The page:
- Ukrainian Counteroffensives—Southern and Eastern Ukraine
- Russian Main Effort—Eastern Ukraine (comprised of one subordinate and two supporting efforts);
- Russian Subordinate Main Effort—Capture the entirety of Donetsk Oblast
- Russian Supporting Effort—Southern Axis
- Russian Mobilization and Force Generation Efforts
- Activities in Russian-occupied Areas
Ukrainian Counteroffensives (Ukrainian efforts to liberate Russian-occupied territories)
Eastern Ukraine: (Vovchansk-Kupyansk-Izyum-Lyman Line)
Ukrainian forces likely continued limited counteroffensive operations along the Kharkiv-Luhansk Oblast border on September 22. The Ukrainian General Staff reported that Ukrainian troops repelled a Russian attack on Kupyansk (northeastern Kharkiv Oblast, near the Kharkiv-Luhansk Oblast border). The General Staff report is consistent with Russian milblogger claims that Ukrainian troops succeeded in breaking Russian defenses along a line that runs between Dvorichna (15km northeast of Kupyansk) to bypass Kupyansk from the north and cross the Oskil River to threaten Russian positions just east of this area. The Russian milblogger also indicated that Ukrainian forces have taken ground east of Dvorichna and are fighting in Tavlizhanka, which is reportedly still contested territory. While ISW cannot independently confirm these Russian claims, they are consistent with previous reporting on continued Ukrainian efforts to penetrate the current Russian defensive lines that run along the Oskil River and push eastward.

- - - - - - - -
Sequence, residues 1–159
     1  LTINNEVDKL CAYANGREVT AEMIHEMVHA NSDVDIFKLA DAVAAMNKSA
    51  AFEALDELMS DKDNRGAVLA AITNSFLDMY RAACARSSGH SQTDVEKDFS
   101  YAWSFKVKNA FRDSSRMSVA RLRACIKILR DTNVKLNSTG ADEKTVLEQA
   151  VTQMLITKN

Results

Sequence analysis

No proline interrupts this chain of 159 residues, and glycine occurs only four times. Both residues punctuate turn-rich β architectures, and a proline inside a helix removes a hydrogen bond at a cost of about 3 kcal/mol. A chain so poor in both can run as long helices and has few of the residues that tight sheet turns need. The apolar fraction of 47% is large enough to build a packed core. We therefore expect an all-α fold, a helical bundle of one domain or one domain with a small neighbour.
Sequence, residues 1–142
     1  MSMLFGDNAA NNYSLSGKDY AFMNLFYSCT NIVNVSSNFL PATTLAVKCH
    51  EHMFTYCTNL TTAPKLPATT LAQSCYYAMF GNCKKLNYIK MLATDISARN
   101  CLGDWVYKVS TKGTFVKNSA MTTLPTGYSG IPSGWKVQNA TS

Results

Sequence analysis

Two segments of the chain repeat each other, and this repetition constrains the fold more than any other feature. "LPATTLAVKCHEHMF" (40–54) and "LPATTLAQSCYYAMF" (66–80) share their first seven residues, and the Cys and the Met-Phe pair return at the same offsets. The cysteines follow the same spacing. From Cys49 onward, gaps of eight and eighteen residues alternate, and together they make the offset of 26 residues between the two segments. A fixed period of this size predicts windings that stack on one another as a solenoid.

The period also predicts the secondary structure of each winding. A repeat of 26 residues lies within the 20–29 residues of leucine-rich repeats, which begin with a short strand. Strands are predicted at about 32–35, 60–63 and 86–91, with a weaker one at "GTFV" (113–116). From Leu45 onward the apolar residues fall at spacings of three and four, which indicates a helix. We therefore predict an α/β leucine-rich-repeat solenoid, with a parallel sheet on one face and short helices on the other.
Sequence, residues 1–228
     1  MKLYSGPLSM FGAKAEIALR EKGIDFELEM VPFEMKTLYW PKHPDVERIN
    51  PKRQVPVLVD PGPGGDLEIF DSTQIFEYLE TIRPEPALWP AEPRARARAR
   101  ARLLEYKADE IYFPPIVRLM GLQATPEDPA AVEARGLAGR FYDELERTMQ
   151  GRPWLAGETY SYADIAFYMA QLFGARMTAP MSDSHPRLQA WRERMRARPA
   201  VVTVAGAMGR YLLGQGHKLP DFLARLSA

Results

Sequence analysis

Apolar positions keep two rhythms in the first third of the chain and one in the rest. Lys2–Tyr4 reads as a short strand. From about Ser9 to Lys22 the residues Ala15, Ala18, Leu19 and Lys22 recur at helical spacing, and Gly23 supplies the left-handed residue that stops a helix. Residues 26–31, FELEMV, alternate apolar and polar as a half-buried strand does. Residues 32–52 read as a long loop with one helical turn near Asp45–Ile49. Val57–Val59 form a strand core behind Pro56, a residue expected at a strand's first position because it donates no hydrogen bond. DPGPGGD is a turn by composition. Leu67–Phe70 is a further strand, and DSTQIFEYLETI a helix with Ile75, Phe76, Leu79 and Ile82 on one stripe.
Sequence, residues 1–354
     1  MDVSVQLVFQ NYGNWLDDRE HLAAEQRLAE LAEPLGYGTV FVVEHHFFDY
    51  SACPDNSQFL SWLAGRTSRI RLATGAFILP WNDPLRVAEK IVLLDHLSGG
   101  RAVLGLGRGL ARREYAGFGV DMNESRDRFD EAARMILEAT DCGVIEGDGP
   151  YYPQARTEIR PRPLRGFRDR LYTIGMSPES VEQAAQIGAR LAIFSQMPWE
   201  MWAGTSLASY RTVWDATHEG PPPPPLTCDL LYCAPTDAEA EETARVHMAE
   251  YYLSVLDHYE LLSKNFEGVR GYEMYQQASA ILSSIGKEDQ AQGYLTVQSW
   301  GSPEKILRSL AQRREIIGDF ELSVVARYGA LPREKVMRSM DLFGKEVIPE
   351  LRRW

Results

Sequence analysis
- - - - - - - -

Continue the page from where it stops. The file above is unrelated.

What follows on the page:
Ukrainian forces likely continued attacks toward Lyman on September 22. Several Russian sources reported fighting to the northwest of Lyman and claimed that Ukrainian troops penetrated Russian defenses in Ridkodub and Karpivka, both 20km north of Lyman. Russian sources also stated that Ukrainian forces broke through at Korovii Yar (22km northwest of Lyman) and are continuing attacks in Drobysheve (just west of Lyman). The Ukrainian General Staff seemingly confirmed that Ukrainian troops have made additional advances north of Lyman and stated that Russian troops shelled Yatskivka (25km northwest of Lyman) and Korovii Yar, indicating that Russian forces are targeting newly captured Ukrainian positions in this area.